The question most people seem to want to avoid is why we have so many lethal teens? I mentioned a few days ago that I had picked up several books, one of which is Lt. Col. Dave Grossman’s On Killing: The Psychological Cost of Learning to Kill in War and Society. I chose this book for one reason because it is one of the few texts that actually addresses this question. I haven’t had time to do more than scan through it, yet, but Col. Grossman appears to have a compelling argument. The book covers the human aversion to inflicting injury on another, and the intense training required to overcome this aversion in combat soldiers, along with the mechanisms involved in that training to restrict the lethality of soldiers to the battlefield. Near the end of the book, however, he looks into the rising level of violence occurring in America. (The book was copyrighted in 1995, and does not reflect the last decade of decreasing criminal violence – but I think his observation that the level of aggravated assault, i.e. assault with the intention of committing severe bodily harm, has climbed dramatically as of late is still a valid one.)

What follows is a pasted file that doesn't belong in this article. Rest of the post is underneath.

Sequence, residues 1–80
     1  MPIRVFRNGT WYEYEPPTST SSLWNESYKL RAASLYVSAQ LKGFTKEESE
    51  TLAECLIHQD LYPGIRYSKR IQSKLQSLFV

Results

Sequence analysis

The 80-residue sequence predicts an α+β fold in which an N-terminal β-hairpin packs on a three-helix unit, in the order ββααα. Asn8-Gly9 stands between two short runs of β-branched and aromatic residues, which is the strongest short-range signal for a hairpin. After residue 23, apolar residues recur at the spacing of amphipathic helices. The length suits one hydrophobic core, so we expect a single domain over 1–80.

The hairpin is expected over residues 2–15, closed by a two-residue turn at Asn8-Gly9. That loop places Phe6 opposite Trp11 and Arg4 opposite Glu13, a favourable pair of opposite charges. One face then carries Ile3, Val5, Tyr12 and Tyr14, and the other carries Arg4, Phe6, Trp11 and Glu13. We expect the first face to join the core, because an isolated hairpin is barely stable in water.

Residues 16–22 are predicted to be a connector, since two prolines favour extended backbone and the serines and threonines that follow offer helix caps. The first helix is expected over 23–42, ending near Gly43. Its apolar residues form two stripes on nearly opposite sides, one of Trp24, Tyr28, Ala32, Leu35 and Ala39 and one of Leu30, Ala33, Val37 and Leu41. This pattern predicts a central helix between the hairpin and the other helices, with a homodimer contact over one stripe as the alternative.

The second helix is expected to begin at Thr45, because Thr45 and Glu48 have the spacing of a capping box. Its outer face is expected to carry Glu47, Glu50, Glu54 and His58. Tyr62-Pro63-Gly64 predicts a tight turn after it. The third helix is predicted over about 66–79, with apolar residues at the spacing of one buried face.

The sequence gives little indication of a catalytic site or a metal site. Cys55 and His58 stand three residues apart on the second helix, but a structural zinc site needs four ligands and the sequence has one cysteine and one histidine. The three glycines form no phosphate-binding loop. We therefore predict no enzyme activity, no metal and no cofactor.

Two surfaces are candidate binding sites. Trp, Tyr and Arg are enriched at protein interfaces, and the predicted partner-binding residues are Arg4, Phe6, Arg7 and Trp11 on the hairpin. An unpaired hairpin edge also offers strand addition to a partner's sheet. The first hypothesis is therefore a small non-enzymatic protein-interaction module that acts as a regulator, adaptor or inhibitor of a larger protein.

Col. Grossman states:

The three major psychological processes at work in enabling violence are classical conditioning (á la Pavlov’s dog), operant conditioning (á la B.F. Skinner’s rats), and the observation and imitation of vicarious role models in social learning.

In a kind of reverse Clockwork Orange classical conditioning process, adolescents in movie theaters across the nation, and watching television at home, are seeing the detailed, horrible suffering and killing of human beings, and they are learning to associate this killing and suffering with entertainment, pleasure, their favorite soft drink, their favorite candy bar, an the close, intimate contact of their date.

Operant conditioning firing ranges with pop-up targets and immediate feedback, just like those used to train soldiers in modern armies, are found in the interactive video games that our children play today. But whereas the adolescent Vietnam vet had stimulus discriminators built in to ensure that he only fired under authority, the adolescents who play these video games have no such safeguard built into their conditioning.